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Here’s why Congress can create bipartisan fix to flood insurance this year

"Our first job is to help the victims of Hurricanes Harvey and Irma"

In an unlikely pairing, Reps. Earl Blumenauer, D-Ore., and Sean Duffy, R-Wis., co-authored a blog for Bloomberg to emphasize the urgency and need to fix America’s flood insurance program.

Earlier this month, President Donald Trump signed a three-month extension to the National Flood Insurance Program in order to give Congress more time to come up with a long-term financial solution for the program.

While the program has struggled to gain a lot of attention over the years, the recent destruction of Hurricane Harvey and Irma pushed the urgency for a solution to the program to the surface.

And the program is far from new. The program was established in 1968 to reduce the impact of flooding on private and public structures.

“It does so by providing affordable insurance to property owners and by encouraging communities to adopt and enforce floodplain management regulations,” according to the FEMA’s website.

The blog stated that the drastic reform of the National Flood Insurance Program is long overdue.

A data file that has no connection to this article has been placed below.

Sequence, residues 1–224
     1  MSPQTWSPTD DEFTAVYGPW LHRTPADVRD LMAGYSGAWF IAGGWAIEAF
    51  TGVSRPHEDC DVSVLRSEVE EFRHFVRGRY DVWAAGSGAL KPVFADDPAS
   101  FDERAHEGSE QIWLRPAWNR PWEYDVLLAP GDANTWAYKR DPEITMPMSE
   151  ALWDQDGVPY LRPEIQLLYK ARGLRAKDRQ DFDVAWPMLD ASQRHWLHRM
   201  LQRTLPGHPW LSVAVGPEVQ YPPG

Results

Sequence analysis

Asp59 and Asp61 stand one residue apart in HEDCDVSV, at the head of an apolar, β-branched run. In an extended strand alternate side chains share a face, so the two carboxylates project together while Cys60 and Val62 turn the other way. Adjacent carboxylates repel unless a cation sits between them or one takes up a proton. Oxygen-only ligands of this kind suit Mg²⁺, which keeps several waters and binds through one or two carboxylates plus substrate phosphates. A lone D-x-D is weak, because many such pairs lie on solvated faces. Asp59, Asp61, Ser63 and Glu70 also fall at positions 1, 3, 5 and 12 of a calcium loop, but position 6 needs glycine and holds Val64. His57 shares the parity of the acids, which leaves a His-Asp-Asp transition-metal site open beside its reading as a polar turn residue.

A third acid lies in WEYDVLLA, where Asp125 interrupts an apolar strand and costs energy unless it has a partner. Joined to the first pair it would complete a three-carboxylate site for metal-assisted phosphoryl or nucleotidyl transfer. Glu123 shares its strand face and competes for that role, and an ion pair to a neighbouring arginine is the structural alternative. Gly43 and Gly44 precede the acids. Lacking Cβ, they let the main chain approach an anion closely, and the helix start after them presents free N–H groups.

From the piece:

The program now subsidizes insurance for millionaires, puts low-income families in harm’s way, and keeps people trapped in vulnerable homes by masking the true risk of flooding. The president and Congress have just extended the program for three months, creating a perfect opportunity for Congress to enact bipartisan reforms.

The NFIP was established nearly 50 years ago for good reason: The private sector had no appetite or capacity to undertake the tremendous and unpredictable risk of flooding. But over the years, the program has been seriously mismanaged. And today, technology has made it easier to manage and predict risks. So it’s worth exploring ways to give private insurance companies the incentive to share the financial costs of flood insurance.

In order to put the program back on a fiscally responsible path, the blog suggested that top priority should be to update all flood maps.

According to a recent report from the Congressional Budget Office, a nonpartisan analysis for the U.S. Congress, the program has an expected one-year shortfall of $1.4 billion.

From the blog:

We must stop giving subsidies to some property owners and sending misleading signals to all of them. We need to be sensitive to problems this will create for some owners, especially those with low and moderate incomes. But the NFIP’s subsidized rates make flood-prone properties more affordable, and we should subsidize only owners who are truly in need.

The blog comes at the beginning of the three-month countdown for Congress to come up with a solution. While the two emphasized that their first job is to help the victims of Hurricanes Harvey and Irma, the two are hopeful that Congress can come to an agreement on a fix to the flood insurance program. 

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